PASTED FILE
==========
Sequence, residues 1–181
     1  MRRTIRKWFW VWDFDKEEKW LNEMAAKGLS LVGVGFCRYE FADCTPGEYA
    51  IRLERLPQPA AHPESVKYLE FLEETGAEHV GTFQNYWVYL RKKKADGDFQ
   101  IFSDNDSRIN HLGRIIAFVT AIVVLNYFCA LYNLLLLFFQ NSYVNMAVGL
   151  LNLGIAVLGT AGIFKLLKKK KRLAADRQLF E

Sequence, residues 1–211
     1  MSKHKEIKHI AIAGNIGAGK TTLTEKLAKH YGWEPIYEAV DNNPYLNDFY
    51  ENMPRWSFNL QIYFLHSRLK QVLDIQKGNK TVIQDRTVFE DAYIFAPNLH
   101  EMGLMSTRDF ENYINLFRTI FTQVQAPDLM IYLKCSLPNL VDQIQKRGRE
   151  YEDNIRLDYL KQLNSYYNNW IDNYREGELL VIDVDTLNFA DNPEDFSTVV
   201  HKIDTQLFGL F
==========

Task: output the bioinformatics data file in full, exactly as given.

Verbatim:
Sequence, residues 1–181
     1  MRRTIRKWFW VWDFDKEEKW LNEMAAKGLS LVGVGFCRYE FADCTPGEYA
    51  IRLERLPQPA AHPESVKYLE FLEETGAEHV GTFQNYWVYL RKKKADGDFQ
   101  IFSDNDSRIN HLGRIIAFVT AIVVLNYFCA LYNLLLLFFQ NSYVNMAVGL
   151  LNLGIAVLGT AGIFKLLKKK KRLAADRQLF E

Sequence, residues 1–211
     1  MSKHKEIKHI AIAGNIGAGK TTLTEKLAKH YGWEPIYEAV DNNPYLNDFY
    51  ENMPRWSFNL QIYFLHSRLK QVLDIQKGNK TVIQDRTVFE DAYIFAPNLH
   101  EMGLMSTRDF ENYINLFRTI FTQVQAPDLM IYLKCSLPNL VDQIQKRGRE
   151  YEDNIRLDYL KQLNSYYNNW IDNYREGELL VIDVDTLNFA DNPEDFSTVV
   201  HKIDTQLFGL F